Part 14: Strings

Welcome to tutorial no. 14 in Golang tutorial series.

Strings deserve a special mention in Go as they are different in implementation when compared to other languages.

What is a String?

A string in Go is a slice of bytes. Strings can be created by enclosing their contents inside " ". Lets look at a simple example which creates a string and prints it.

package main

import (  
    "fmt"
)

func main() {  
    name := "Hello World"
    fmt.Println(name)
}

The above program will output Hello World.

Strings in Go are Unicode compliant and are UTF-8 Encoded.

Accessing individual bytes of a string

Since a string is a slice of bytes, its possible to access each byte of a string.

package main

import (  
    "fmt"
)

func printBytes(s string) {  
    for i:= 0; i < len(s); i++ {
        fmt.Printf("%x ", s[i])
    }
}

func main() {  
    name := "Hello World"
    printBytes(name)
}

In line no. 8 of the above program, len(s) returns the number of bytes in the string and we use a for loop to print those bytes in hexadecimal notation. %x is the format specifier for hexadecimal. The above program outputs 48 65 6c 6c 6f 20 57 6f 72 6c 64. These are the Unicode UT8-encoded values of "Hello World". A basic understanding of Unicode and UTF-8 is needed to understand strings better. I recommend reading https://naveenr.net/unicode-character-set-and-utf-8-utf-16-utf-32-encoding/ to know what is Unicode and UTF-8.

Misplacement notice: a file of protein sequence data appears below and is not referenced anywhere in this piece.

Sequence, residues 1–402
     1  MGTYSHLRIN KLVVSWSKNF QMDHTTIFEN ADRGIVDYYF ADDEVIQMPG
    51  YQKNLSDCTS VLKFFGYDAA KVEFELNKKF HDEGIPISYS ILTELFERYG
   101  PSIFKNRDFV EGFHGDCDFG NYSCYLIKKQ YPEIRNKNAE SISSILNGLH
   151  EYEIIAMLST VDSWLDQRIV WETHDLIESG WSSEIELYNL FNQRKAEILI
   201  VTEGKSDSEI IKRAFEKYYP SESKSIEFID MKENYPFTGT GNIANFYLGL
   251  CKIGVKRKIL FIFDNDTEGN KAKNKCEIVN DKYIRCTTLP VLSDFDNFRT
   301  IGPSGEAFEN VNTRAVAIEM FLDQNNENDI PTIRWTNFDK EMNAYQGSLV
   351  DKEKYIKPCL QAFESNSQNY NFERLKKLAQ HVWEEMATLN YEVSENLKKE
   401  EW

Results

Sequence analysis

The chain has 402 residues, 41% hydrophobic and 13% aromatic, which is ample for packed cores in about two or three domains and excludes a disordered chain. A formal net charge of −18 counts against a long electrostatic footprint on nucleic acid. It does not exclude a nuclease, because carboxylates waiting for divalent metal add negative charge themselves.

Lets modify the above program a little bit to print the characters of the string.

package main

import (  
    "fmt"
)

func printBytes(s string) {  
    for i:= 0; i < len(s); i++ {
        fmt.Printf("%x ", s[i])
    }
}


func printChars(s string) {  
    for i:= 0; i < len(s); i++ {
        fmt.Printf("%c ",s[i])
    }
}

func main() {  
    name := "Hello World"
    printBytes(name)
    fmt.Printf("\n")
    printChars(name)
}

In line no.16 of the printChars method, %c format specifier is used to print the characters of the string. The program outputs

48 65 6c 6c 6f 20 57 6f 72 6c 64